Upgrade from a traditional Scottish bothy stay by opting to spend a night or two in a camping pod. Westwind Pod offers all of the modern amenities with a compact bedroom with bed linen, bathroom with towels, a fully equipped kitchenette, and even a TV with streaming services. Plus you get to stay in the beautiful outdoors with access to your own terrace and panoramic mountain views.
If you don’t want to ‘rough it’ in the great outdoors, The Whispering Pine Lodge is a tranquil Highland retreat on the shores of Loch Lochy, not far from Fort William. With its own international brasserie, spa and ski-to-door access, it’s the perfect base for exploring the mountains.
Sitting on the fault line where the Highlands meet the Lowlands, Loch Lomond is around two hours south of Fort William, and located just north of Scotland's second-largest city, Glasgow.
Head to the picturesque village of Killin to get an idea of typical Scottish Highland life and to visit the cascading Falls of Dochart. Or make your way to Balmaha to take on the Conic Hill hike - a two and a half hour round trip that takes in some of the best views of the region.
Visit the small village of Tarbet to embark on a boat trip with Cruise Loch Lomond and take in views of Ben Lomond, the Arrochar Alps, and some of Loch Lomond’s 30 islands. As the largest loch in Scotland, with a surface area of 70 square kilometres, Lomond is a popular spot in the summer months for kayaking, canoeing, paddle boarding, wakeboarding, and water skiing.
In the evening head to nearby Stirling to take in views of the 12th-century castle and to explore the local food scene. Top Stirling restaurant Brea has won many accolades like the 'Restaurant of the Year’ (Food Awards Scotland 2022) and has recently been rated in the 'Top 10% of Restaurants Worldwide' (Tripadvisor 2023). Choose between locally sourced burgers, fresh seafood, and top Scottish spirits, ciders and craft beers - a far cry from the haggis, neeps and tatties of Scottish pub-grub fame.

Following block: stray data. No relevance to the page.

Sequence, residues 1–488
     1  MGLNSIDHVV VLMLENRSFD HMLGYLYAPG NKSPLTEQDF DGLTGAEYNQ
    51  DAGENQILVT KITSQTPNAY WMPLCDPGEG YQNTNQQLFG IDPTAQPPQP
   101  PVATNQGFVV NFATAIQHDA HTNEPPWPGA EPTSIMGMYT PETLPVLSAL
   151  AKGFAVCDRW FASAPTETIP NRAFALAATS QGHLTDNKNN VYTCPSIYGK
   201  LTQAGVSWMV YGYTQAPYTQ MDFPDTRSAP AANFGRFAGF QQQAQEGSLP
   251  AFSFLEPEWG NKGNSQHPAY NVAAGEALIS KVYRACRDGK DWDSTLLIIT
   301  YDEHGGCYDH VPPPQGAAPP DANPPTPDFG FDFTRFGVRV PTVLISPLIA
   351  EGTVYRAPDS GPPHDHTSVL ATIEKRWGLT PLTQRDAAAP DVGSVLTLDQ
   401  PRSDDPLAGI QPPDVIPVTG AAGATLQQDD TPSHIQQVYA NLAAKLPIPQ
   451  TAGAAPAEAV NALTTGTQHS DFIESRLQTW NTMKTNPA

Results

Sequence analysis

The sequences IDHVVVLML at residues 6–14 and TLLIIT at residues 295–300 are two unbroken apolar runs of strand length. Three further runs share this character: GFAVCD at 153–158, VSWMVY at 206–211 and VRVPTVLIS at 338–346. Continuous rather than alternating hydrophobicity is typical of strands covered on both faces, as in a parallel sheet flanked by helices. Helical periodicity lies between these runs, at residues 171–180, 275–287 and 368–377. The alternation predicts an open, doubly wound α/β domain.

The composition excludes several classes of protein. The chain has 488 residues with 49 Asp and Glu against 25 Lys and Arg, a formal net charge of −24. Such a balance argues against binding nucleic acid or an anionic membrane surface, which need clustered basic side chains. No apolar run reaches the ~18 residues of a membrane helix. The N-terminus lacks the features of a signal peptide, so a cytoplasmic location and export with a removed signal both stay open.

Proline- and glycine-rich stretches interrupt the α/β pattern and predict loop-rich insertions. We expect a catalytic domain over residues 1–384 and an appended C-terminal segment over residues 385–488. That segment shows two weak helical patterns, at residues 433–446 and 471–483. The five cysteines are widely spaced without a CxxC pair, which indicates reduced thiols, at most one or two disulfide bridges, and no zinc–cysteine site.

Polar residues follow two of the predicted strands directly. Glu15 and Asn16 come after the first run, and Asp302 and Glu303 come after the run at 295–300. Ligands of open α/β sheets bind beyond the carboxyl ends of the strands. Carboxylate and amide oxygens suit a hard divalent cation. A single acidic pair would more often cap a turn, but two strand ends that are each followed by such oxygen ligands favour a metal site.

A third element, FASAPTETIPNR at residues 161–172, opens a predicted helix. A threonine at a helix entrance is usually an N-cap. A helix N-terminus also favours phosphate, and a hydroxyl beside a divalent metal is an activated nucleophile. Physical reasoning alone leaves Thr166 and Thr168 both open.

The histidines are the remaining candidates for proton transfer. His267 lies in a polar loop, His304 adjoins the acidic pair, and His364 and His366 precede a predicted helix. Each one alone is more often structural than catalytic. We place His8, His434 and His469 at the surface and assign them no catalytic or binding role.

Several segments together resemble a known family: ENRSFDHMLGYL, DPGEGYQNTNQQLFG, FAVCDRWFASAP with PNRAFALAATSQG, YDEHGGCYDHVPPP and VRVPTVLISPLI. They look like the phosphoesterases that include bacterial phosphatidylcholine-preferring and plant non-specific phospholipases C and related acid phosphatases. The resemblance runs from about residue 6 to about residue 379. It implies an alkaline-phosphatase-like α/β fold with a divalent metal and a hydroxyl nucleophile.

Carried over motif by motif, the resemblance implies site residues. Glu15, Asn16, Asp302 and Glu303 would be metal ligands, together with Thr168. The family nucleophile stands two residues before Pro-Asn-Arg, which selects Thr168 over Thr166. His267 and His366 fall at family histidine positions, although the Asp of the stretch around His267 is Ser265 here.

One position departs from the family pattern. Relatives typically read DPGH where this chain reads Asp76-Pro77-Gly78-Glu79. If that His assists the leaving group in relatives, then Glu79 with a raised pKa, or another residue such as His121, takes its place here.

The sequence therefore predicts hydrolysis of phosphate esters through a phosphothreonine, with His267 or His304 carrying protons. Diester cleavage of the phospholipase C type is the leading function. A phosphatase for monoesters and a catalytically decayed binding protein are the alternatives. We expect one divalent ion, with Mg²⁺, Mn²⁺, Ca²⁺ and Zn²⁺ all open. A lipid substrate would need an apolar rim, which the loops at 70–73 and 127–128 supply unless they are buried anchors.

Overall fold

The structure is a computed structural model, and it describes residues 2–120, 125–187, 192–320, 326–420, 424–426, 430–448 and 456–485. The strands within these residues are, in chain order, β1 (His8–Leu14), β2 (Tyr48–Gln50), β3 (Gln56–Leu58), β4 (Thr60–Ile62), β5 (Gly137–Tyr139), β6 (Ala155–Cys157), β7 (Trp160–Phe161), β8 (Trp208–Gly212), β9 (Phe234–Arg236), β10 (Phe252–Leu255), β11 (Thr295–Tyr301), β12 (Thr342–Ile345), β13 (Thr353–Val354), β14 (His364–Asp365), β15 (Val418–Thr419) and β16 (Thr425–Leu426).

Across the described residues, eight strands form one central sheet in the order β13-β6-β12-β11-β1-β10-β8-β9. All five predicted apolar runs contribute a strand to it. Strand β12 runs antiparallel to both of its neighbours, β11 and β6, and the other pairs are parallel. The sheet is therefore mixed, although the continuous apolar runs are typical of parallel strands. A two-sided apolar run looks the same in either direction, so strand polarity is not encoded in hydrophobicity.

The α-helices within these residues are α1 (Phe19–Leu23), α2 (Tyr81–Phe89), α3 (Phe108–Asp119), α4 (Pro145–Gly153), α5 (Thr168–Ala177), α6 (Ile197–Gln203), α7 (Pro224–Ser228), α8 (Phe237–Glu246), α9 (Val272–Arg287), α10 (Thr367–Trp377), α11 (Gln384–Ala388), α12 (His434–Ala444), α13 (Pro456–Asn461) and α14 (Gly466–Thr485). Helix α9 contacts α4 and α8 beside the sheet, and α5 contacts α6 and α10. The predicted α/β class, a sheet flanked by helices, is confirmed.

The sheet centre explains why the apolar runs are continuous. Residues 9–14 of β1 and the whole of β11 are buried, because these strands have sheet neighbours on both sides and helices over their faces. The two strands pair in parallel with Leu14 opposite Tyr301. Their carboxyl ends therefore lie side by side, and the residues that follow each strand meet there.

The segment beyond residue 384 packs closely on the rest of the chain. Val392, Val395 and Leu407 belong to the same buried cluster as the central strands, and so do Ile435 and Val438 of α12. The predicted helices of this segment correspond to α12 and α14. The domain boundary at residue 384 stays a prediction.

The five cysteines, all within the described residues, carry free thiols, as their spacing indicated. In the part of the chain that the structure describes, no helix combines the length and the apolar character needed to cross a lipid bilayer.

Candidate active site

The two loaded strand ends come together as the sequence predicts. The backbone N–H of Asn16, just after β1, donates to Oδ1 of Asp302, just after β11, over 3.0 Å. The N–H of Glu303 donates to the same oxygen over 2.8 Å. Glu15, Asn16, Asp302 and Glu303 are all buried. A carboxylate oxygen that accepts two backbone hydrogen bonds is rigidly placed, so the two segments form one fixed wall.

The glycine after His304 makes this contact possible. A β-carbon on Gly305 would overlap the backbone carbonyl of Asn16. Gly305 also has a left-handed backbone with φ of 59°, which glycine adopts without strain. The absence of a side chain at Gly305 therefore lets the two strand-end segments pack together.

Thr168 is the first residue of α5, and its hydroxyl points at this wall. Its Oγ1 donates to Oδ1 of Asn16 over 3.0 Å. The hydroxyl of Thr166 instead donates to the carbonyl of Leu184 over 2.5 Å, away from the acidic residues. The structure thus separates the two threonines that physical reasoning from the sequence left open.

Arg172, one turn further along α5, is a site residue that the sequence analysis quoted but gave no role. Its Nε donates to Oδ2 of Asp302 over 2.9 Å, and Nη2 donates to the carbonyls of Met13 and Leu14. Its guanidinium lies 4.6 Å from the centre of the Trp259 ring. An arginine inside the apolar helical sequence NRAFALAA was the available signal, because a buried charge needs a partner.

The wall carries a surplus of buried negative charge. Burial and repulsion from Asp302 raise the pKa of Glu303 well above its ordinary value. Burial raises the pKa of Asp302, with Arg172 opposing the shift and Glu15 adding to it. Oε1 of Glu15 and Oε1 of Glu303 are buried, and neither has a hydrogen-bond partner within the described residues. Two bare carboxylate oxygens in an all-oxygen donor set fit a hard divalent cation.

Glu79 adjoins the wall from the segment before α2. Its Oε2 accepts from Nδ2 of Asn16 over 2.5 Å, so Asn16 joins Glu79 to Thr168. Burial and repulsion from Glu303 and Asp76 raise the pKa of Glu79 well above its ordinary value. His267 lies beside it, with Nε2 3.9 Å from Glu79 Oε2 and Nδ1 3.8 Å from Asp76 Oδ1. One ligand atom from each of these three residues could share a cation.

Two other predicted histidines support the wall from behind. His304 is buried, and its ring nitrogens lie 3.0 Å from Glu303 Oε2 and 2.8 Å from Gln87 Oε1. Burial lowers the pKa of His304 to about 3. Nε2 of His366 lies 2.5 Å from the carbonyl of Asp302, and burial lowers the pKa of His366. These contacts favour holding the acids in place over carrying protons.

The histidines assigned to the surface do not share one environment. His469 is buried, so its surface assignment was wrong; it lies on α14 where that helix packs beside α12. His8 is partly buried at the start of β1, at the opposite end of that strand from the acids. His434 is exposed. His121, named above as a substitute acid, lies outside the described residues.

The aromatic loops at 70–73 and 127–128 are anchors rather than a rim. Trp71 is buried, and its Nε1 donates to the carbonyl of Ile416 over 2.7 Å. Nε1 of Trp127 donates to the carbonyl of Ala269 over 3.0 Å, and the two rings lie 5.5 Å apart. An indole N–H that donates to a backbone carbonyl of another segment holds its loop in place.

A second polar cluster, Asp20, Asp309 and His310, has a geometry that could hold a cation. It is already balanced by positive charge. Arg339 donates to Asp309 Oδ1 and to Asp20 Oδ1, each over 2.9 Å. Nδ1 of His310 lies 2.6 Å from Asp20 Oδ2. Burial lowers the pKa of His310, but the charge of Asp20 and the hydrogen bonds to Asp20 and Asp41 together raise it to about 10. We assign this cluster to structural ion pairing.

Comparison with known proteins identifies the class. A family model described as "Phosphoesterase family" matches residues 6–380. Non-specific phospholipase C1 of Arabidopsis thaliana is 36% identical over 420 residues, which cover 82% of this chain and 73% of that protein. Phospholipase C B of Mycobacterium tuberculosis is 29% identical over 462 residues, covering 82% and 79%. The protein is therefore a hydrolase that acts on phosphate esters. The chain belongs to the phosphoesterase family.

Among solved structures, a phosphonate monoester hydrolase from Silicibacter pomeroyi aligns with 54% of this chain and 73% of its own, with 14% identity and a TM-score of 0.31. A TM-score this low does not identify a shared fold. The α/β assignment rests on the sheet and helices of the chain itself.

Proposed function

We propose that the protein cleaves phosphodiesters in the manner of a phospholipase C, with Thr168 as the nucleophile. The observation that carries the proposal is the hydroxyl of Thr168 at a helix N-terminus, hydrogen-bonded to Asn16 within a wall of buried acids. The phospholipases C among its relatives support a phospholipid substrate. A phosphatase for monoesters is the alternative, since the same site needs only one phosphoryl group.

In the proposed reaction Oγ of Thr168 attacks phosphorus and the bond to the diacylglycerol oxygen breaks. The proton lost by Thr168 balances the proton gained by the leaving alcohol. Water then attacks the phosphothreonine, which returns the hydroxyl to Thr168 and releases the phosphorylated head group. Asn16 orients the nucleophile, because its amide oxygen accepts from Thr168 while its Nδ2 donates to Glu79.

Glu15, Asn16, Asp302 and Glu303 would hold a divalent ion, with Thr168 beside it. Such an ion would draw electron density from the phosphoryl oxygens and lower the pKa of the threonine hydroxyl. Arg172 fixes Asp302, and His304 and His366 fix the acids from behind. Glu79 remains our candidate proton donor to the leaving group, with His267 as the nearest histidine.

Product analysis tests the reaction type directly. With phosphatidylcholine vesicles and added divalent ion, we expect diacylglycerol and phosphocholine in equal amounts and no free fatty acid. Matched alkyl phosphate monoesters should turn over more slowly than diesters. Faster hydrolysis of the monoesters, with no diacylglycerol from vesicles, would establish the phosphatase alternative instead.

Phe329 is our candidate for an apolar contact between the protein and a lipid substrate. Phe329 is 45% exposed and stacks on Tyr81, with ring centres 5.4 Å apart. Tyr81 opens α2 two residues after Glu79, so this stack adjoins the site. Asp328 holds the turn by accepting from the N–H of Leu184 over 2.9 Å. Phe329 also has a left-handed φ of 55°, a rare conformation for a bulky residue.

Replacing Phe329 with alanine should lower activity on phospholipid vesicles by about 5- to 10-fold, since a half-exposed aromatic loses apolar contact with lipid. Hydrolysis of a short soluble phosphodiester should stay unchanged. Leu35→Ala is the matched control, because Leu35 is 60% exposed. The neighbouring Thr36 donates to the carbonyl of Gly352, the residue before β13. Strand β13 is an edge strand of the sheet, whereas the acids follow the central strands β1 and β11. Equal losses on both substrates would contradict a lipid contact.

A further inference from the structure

Stay at the Garrison of Inversnaid Farm, a working farm built in 1719 in the heart of Loch Lomond and Trossachs National Park. The property offers two private self-contained studio apartments set within a converted barn, but the real reason to stay is the seasonal farm produce.
Make the most of a traditional home-cooked Scottish breakfast, or try a home-grown organic meat or vegetable stew. You can even meet and pet the Highland cows, sheep, pigs and hens on a small tour of the farm with owners Paul and Kelly.
August is the most popular month to visit Scotland, but prices are high and places can get crowded (especially in Edinburgh during the popular Fringe Festival). Temperatures only reach up to around 20°C in peak summer and the shoulder seasons can be just as warm if you get the timing right.
A good reason to travel to Scotland in the shoulder season months like May or September is to avoid the pesky midges that can plague wetter regions in the warmer months.
Another factor to consider is the amount of daylight hours at the time of year you are visiting, especially if you are planning long drive days or big hikes. Winter days can be short and really restrict visiting hours of attractions and sometimes accessibility due to snowy mountain roads too.
It is possible to explore the main cities of Scotland like Aberdeen, Inverness, and Glasgow by using the ScotRail network and the inter-city Citylink, Megabus and local bus services. You could also do guided day tours to some of the more out-of-the-way attractions.
But for the best use of your time, money, and the least logistics when planning for a trip in the UK, renting a car is definitely the way to go. Hiring a car for a road trip in Scotland gives you a lot more flexibility and the option to stop in places that the public transport network just doesn’t reach.